It’s the Back-to-School/End-of Summer edition of Ask Madam Counselor—where your copyright and fair use questions about creative endeavors are answered poolside, under a simmering late-summer sun, assisted by the friendly influence of muddled cucumber and gin.
As always my responses are purely for entertainment purposes, and as such I make no representations that reading beyond this point will be remotely worth your time (though you can pretty well bet it will be worth your money).
Today we’ll help a film student apply fair use on her project so she can impress her professor without leaving the best part of her clip on the cutting room floor. (Did you notice how I referred to myself in the plural in that last sentence for no reason? I blame the gin.)
Dear Madam Counselor –
My first project this semester is to make a 15 minute film about how Elvis impacted the history of rock and roll. The prof said don’t use more than 30 seconds of any clip for legal reasons. So naturally I found the PERFECT clip to show how his music correlated with the civil rights movement but it’s 42 seconds long. Is this really a problem? I see professional documentaries all the time with much longer stuff in them. I want to get a good grade, but I don’t want to argue with my professor either. It’s only the second week of school.
Okay, first off, let’s clarify something: even though we’ve all seen it a zillion times on the Internet, there is no actual 30-second legal standard that defines whether or not the use of copyrighted material is acceptable as fair use. It’s a rule of thumb often quoted in business practices to avoid examining on case-by-case whether that particular use of copyrighted material falls under the fair use exception. It’s so much easier to tell your reporters, editors, film students, music students, etc. that it’s okay to use 30 seconds of something than to have to go through a detailed fair use analysis with every piece of footage or music they propose to use.
But the problem is that this is EXACTLY what copyright law requires: a detailed analysis, using four separate (and, frankly, not all together clear) factors, each applied to the proposed use. This problem is compounded by the fact that even going through a detailed application of these four factors doesn’t (SURPRISE!) reveal black and white answers about what is and is not okay. Geez, you’d think copyright law was written by lawyers, or something. It’s pretty hard to manage a business with that kind of murkiness, and in my fifteen years of practicing entertainment law, I found that 101% of business and creative people would rather not have to consult a lawyer every time they want to apply fair use (no offense taken, really), so it’s not hard to understand how this 30-second thing came about, even though it’s meaningless.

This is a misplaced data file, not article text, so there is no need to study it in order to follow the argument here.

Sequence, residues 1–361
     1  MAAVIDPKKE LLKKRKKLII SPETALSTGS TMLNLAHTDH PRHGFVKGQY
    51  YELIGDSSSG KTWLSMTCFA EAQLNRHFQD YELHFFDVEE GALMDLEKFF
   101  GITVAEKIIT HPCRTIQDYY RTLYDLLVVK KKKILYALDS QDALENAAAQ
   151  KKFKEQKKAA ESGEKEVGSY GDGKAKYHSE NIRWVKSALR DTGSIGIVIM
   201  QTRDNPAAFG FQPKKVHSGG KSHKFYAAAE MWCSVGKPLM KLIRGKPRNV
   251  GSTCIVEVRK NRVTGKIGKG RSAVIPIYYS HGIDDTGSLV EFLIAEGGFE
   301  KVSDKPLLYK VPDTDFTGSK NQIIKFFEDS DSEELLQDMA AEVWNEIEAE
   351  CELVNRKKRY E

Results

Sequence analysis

So what’s a rule-abiding student filmmaker to do? How do you both follow the law, and appease your professor?
Fortunately for you, the good folks over at the Center for Media and Social Impact have created a Statement of Best Practices in Fair Use for Documentary Filmmakers through a cooperative effort among five documentary filmmakers’ professional associations to help add some clarity to this squishy area of law that affects so many creatives. (If you aren’t a documentary filmmaker, there are also Statements of Best Practices for Visual Arts, Dance, Sound Recordings, Online Video (think YouTube), Poetry, and more—go check them out.)
How does this help you?
This short CBP document takes you STEP-BY-STEP through each of the four factors specifically as they apply to documentaries, teasing out various common scenarios to help you assess whether your specific use falls within the exception for fair use. In addition, at the link above, there are FAQ’s and other helpful resources, such as a section on when you don’t even need to worry about fair use.
The logic here is that if documentarians as a whole are consistently applying the principals of fair use in their filmmaking, this strengthens the legal case for all documentarians who are consistent in their practices if they are ever called into question.
Not only will utilizing this resource reassure your professor about the choices you make incorporating copyrighted material into your project, you might end up teaching him something along the way as well.
And now, please excuse me while I fetch some ice for my gin.
(Click here to subscribe if it would please you to receive more semi-helpful gems like this in your inbox on a not-too-often basis.)